Watauga County has determined that Maymead Inc. does not have a vested right to develop a planned asphalt plant on U.S. 421; thus, the moratorium enacted by county commissioners Monday will block that project until the moratorium expires on July 31.
In a letter sent to the Mountain City-based company on Thursday, Watauga County Planning & Inspections Director Joe Furman said the development permit for an asphalt plant issued to the property owners in 2011 has expired due to a lack of progress on the project.
“I am writing to inform you that the permit granted on June 20, 2011, to Mr. Johnny Hampton for an asphalt/cement plant under the Watauga County High Impact Land Use Ordinance is expired and therefore revoked; accordingly, it will not transfer to Maymead Materials Inc.,” Furman said in the letter. “Watauga County maintains that a vested right has not been established for the erection of an asphalt plant.”
Maymead has planned to convert a rock crushing and recycling facility it is leasing at 5251 U.S. 421 South in the Deep Gap area, into a 300,000-ton-per-year asphalt plant to support paving operations for the widening of U.S. 221.
Furman previously said that Hampton’s permit could be transferred to Maymead as long as the asphalt plant site plans did not change. Opponents of the project said they were shocked to learn the 2011 permit could have been approved without public input, and they are now pushing for greater public input measures in the county’s HILU ordinance.
The letter to Maymead gives three reasons for the determination that the company has not established a vested right for the 421 project. First, the project has not yet obtained additional required permits, including a state air quality permit, driveway connection permit, storm water permit, grading permit and building and electrical permits.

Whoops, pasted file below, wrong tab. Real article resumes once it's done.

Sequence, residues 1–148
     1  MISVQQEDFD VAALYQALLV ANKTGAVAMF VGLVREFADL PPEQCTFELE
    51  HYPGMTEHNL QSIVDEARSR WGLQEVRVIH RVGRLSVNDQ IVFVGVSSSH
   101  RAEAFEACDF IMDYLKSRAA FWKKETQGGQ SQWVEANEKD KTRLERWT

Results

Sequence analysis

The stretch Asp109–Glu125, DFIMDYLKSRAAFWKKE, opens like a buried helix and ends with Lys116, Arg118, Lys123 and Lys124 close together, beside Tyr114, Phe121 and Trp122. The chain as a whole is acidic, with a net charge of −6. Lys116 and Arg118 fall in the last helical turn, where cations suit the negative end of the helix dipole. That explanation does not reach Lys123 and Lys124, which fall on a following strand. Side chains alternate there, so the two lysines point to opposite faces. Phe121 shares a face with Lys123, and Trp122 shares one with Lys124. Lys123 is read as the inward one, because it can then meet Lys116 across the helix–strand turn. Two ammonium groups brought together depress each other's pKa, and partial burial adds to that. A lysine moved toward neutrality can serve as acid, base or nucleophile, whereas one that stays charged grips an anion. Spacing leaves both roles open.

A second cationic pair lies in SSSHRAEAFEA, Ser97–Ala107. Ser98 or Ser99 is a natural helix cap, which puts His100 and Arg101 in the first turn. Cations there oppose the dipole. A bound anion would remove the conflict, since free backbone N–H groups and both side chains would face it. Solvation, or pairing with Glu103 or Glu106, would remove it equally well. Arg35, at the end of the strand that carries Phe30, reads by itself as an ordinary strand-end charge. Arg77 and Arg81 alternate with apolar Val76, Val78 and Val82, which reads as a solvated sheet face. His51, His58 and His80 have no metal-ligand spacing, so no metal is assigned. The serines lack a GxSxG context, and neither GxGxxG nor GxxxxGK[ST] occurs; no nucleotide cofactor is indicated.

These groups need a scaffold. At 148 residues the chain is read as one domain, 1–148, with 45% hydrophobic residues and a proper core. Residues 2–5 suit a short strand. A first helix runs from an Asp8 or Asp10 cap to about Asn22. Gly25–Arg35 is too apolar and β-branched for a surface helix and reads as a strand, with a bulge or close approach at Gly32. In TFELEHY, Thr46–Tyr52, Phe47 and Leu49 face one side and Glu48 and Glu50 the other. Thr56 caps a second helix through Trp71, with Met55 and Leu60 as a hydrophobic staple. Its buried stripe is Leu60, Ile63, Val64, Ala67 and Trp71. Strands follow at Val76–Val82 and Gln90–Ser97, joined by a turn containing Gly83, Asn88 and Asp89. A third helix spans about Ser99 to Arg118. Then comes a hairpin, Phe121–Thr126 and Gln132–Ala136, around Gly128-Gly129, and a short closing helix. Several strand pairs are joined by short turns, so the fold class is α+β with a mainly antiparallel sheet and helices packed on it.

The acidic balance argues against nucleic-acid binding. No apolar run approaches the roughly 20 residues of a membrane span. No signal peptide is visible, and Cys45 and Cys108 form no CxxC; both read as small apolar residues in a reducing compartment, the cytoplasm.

Second, “four years have passed since the original permit was issued, and no appreciable progress has been made towards its implementation,” the county’s letter stated. “As a result of this delay in establishing a use under the previously issued permit, it has expired.”
And third, the county determined that the area described in Maymead’s lease agreement does not encompass the area previously described in the 2011 Hampton permit. “Discrepancies between the leased area and the previously permitted (now expired) location make the proposed use not compliant with the ordinance or the now expired permit,” the letter said.
Without a vested right, the Maymead project is not “grandfathered in” and is subject to the county’s current moratorium on all new asphalt plant projects. And because the county has determined the 2011 permit has expired, Maymead would have to re-apply for a development permit under the HILU Ordinance — which could include greater restrictions after the commissioners amend the ordinance and lift the moratorium in the coming weeks.
Among the restrictions being considered is a 1,500-foot buffer from North Carolina-designated scenic byways, which could affect the proposed location of the Maymead plant. The site is located on the Doc and Merle Watson Scenic Highway.
The commissioners will hold another public hearing on proposed revisions to the HILU Ordinance during its regular meeting on July 7.
Reached on Thursday, Maymead President Wiley Roark said he had not yet read the county’s letter and declined to comment until he had done so. Roark said he was unaware of the moratorium enacted on Monday.
If Maymead disagrees with the county’s administrative decision, it can file an appeal within 30 days to the Watauga County Board of Adjustment.
View the county's letter to Maymead below. Tap the Zoom feature to enlarge the document.